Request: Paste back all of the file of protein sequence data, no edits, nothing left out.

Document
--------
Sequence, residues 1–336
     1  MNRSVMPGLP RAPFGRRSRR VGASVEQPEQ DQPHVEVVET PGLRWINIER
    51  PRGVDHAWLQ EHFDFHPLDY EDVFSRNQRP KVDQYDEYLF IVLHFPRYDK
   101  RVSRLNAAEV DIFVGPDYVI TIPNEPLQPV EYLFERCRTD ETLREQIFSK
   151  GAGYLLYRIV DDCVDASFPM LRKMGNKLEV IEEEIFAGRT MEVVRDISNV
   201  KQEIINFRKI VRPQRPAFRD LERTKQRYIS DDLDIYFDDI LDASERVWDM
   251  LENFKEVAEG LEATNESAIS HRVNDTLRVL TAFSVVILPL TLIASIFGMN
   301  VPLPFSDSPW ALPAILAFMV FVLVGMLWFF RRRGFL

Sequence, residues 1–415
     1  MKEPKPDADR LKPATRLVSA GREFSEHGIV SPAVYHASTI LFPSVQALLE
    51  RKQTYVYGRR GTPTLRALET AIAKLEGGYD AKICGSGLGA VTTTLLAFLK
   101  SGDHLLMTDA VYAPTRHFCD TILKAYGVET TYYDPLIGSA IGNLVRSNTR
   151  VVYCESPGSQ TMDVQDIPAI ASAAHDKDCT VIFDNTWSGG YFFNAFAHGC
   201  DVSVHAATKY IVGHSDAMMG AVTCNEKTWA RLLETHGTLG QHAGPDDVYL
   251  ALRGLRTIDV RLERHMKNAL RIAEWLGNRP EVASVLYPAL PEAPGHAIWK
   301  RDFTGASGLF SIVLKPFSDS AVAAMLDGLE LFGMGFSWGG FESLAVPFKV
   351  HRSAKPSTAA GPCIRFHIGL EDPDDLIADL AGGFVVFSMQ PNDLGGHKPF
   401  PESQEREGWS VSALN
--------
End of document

Sequence, residues 1–336
     1  MNRSVMPGLP RAPFGRRSRR VGASVEQPEQ DQPHVEVVET PGLRWINIER
    51  PRGVDHAWLQ EHFDFHPLDY EDVFSRNQRP KVDQYDEYLF IVLHFPRYDK
   101  RVSRLNAAEV DIFVGPDYVI TIPNEPLQPV EYLFERCRTD ETLREQIFSK
   151  GAGYLLYRIV DDCVDASFPM LRKMGNKLEV IEEEIFAGRT MEVVRDISNV
   201  KQEIINFRKI VRPQRPAFRD LERTKQRYIS DDLDIYFDDI LDASERVWDM
   251  LENFKEVAEG LEATNESAIS HRVNDTLRVL TAFSVVILPL TLIASIFGMN
   301  VPLPFSDSPW ALPAILAFMV FVLVGMLWFF RRRGFL

Sequence, residues 1–415
     1  MKEPKPDADR LKPATRLVSA GREFSEHGIV SPAVYHASTI LFPSVQALLE
    51  RKQTYVYGRR GTPTLRALET AIAKLEGGYD AKICGSGLGA VTTTLLAFLK
   101  SGDHLLMTDA VYAPTRHFCD TILKAYGVET TYYDPLIGSA IGNLVRSNTR
   151  VVYCESPGSQ TMDVQDIPAI ASAAHDKDCT VIFDNTWSGG YFFNAFAHGC
   201  DVSVHAATKY IVGHSDAMMG AVTCNEKTWA RLLETHGTLG QHAGPDDVYL
   251  ALRGLRTIDV RLERHMKNAL RIAEWLGNRP EVASVLYPAL PEAPGHAIWK
   301  RDFTGASGLF SIVLKPFSDS AVAAMLDGLE LFGMGFSWGG FESLAVPFKV
   351  HRSAKPSTAA GPCIRFHIGL EDPDDLIADL AGGFVVFSMQ PNDLGGHKPF
   401  PESQEREGWS VSALN